There may be 15,000 illegal adoptions, Barnardos head claims

Charlie Flanagan says it is highly likely that other agencies were involved

Barnardos chief executive Fergus Finlay has said the incorrect registrations of births in adoption cases was an absolute scandal, but it was not a new one and should not come as a surprise. File photograph: Alan Betson

Barnardos chief executive Fergus Finlay has said the incorrect registrations of births in adoption cases was an absolute scandal, but it was not a new one and should not come as a surprise. File photograph: Alan Betson

 

There may have been up to 15,000 illegal adoptions in Ireland where adoptive parents were registered as birth parents, Barnardos chief executive Fergus Finlay has said.

His comment follows the announcement on Tuesday by the Minister for Children, Katherine Zappone that Tusla, the Child and Family Agency, is to contact 126 people to tell them their births were incorrectly registered.

“This was a crime against these people and their mothers. Mothers who were told that their babies had died,” Mr Finlay told RTÉ’s Morning Ireland.

“I suspect every single adoption agency in the country is involved, that’s 150,000 babies, it would be amazing if at least ten per cent of them were not illegal.”

Mr Finlay said it was an absolute scandal, but it was not a new one and should not come as a surprise.

There needs to be a thorough investigation and redress, he said. He warned that any investigation will have to be sensitive and carefully handled with access to support provided for the people involved.

Identity

“The bottom line is these people need their identity. They have a right to their background, who they are, where they came from. That trumps everything else.

“People have an absolute right to know.”

The 126 people to be contacted by Tusla had their adoptive parents incorrectly registered as their birth parents on their birth certificates between 1946 and 1969. The youngest person affected is 49, Tusla said, and the oldest is 72.

Minister for Children Katherine Zappone said she was “truly sorry” for what she described as “another failure by the State”.

The incorrect registrations emerged in the records of the St Patrick’s Guild adoption society. A sample of other records from other adoption agencies will now be examined to establish if the illegal practice of incorrect registrations occurred elsewhere.

It is “highly likely” other adoption agencies were involved in the practice of incorrectly registering children’s adoptive parents as their birth parents, the Minister for Justice Charlie Flanagan said.

“I feel the likiehood is other agencies were involved in similar practices but I await the evidence before any conclusive comment can be made,” he said.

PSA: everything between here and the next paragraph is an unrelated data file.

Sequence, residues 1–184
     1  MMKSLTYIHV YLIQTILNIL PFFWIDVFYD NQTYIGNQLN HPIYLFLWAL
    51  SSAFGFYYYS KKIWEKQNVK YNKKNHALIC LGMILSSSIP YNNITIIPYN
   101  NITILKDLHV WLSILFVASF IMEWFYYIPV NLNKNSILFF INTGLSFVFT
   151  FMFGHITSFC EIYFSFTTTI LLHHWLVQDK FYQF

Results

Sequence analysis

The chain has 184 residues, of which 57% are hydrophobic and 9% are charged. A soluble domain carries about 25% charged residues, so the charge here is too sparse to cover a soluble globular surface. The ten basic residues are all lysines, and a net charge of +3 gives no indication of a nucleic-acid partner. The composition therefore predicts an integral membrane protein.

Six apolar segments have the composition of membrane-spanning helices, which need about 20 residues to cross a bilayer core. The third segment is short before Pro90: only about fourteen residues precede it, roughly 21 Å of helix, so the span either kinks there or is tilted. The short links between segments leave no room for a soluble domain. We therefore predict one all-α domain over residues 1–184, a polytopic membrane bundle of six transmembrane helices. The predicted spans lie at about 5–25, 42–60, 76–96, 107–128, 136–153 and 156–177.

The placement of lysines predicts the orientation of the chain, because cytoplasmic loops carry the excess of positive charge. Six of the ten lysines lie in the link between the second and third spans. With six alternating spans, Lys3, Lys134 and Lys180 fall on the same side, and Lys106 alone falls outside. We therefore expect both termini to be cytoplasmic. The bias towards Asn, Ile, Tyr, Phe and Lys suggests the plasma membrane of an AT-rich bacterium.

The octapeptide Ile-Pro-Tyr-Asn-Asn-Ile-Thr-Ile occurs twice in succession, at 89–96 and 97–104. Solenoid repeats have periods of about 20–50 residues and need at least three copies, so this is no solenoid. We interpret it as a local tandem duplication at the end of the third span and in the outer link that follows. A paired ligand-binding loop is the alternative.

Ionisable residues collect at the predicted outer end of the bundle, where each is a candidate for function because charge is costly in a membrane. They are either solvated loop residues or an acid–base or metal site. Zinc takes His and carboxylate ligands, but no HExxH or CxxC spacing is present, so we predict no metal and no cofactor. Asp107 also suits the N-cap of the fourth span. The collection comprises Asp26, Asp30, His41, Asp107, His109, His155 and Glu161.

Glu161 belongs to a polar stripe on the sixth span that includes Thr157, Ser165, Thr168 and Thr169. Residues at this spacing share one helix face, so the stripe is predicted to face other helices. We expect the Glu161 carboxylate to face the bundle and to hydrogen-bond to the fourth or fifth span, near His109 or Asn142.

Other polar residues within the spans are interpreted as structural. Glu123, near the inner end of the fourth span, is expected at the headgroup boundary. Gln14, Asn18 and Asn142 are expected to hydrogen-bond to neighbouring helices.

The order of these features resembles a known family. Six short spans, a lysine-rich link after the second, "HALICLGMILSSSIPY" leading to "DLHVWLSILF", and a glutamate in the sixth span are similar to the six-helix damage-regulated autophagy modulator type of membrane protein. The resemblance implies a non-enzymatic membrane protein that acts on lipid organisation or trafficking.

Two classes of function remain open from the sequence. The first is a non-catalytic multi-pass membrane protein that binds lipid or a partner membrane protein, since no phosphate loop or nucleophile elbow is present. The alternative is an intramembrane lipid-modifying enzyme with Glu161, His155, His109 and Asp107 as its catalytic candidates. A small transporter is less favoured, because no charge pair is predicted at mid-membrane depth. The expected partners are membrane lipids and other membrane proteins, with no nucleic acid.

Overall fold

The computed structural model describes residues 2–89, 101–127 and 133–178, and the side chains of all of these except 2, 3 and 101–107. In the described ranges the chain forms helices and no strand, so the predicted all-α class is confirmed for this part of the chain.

“But I would find extraordinary if only one agency was engaged in these practices.”

Mr Flanagan said he wanted to reiterate the apology issued by Minister for Children Katherine Zappone to the 126 affected people.

“I believe we should speedily set a process in train to allow for the harsh relaties and difficult truths to be uncovered.”

Ms Zappone announced the move on Tuesday at Government Buildings, having briefed her Government colleagues at the Cabinet meeting earlier in the day. She said there would be “personal and profound implications for those affected”.

Adoption Rights Alliance

Claire McGettrick of the Adoption Rights Alliance said something needed to be done, sooner rather than later to ensure every single adoption record is centrally maintains

“We have repeatedly raised this issue for many years. Finally there is movement. We accept the mammoth exercise this is,” she told RTÉ’s Morning Ireland.

“In the long term we cannot leave anybody behind in this process. Every single file must be retrieved.”

Ms McGettrick pointed out that the ARA was aware of 182 institutions or individuals involved in illegal adoptions, including 57 private homes.

The figures revealed by the Minister for Children yesterday are “a drop in the ocean,” she said.

“We have anecdotal evidence of ledgers in attics and of files being burned. Something needs to be done, sooner rather than later to ensure every single record is centralised.

“These are not ‘incorrect registrations’ they’re illegal adoptions,” she added. Describing them as such was providing a loophole for those private adoption facilitators.

“We’re deeply concerned that people are going to slip through the cracks.”

She said she would estimate that the number of illegal adoptions was in the “many thousands”. Ms McGettrick added “we can’t forget those who were trafficked to America. This was State sanctioned trafficking to another country”.

“This needs to be dealt with sensitively and openly.”

Part of the problem, she added, was that under the present system adopted people have no rights to their birth cert or files.